One thing remains constant when developing software – the uncertainty of whether that software is going to solve the real problems of that use. You need feedback from the intended users.
Smartrak uses techniques from Design Led Thinking to ensure our products solve real problems. An important part of the process is often testing and getting feedback on a prototype.
Prototyping in software development can have different meanings. Generally, we mean creating something tangible, designed to demonstrate how we would solve a specific problem. These prototypes take different forms:
- mock-up screenshots to demonstrate quickly how a system could work
- videos that demonstrate how a system could work
- small-scale proof-of-concept software with basic functionality implemented.
Once a prototype has been created, it can be tested by users, gathering feedback and iterating the design until a final product is achieved. Through this process, unsuccessful ideas can be quickly and efficiently cut.
How Smartrak has used prototyping in the past
Balloons over Waikato
Balloons Over Waikato is an annual event held in Hamilton, New Zealand, attracting hot air balloonists from all over the world. Smartrak was approached for a solution to track the balloons, enabling the public to see where they were flying.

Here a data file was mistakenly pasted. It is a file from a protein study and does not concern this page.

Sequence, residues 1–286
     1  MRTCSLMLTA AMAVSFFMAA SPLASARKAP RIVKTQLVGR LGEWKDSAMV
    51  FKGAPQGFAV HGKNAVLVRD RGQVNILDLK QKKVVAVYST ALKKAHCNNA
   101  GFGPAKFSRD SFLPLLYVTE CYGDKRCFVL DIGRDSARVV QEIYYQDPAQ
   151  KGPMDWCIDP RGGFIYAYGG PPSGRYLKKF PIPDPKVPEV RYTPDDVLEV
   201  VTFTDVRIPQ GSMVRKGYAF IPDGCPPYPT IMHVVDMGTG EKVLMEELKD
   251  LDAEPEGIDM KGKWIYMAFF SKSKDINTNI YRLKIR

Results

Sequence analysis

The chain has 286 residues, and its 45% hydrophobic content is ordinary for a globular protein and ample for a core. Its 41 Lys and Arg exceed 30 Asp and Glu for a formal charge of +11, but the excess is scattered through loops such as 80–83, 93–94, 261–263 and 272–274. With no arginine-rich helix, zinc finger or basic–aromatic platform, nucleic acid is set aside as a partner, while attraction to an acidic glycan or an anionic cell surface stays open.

The initial version was a simple map with circles to represent the positions of the balloons. This version took two days to create. The response from the public was great and the next year a prototype was built to create a deliver a more feature-rich product. Check it out at https://balloons.smartrak.co.nz/.
One of the first prototyped features integrated into the EyeQ maps was map tags (https://smartrak.atlassian.net/wiki/spaces/SCP/pages/5046314/Creating+a+Map+Tag). The map tags of today are quite different to the ones we first imagined. Clients told us that they wanted to be able to save specific map locations to navigate to them at a future time.
The first prototype had the ability to bookmark map views. Bookmarks allowed clients to right-click on the map and save that location. Users could then choose these saved locations from a list and automatically be directed there.
When this first prototype was demonstrated, we discovered that what was really wanted was the ability to save a location along with additional information. This location would then be also visible on the map for other users within their organisation to see. With these further learnings, we were able to revise and design the map tag functionality we use today.
If you have a solution that you’d like to see integrated or improved, reach out to a Smartrak expert to explore how our Professional Services team may be able to help deliver your vision.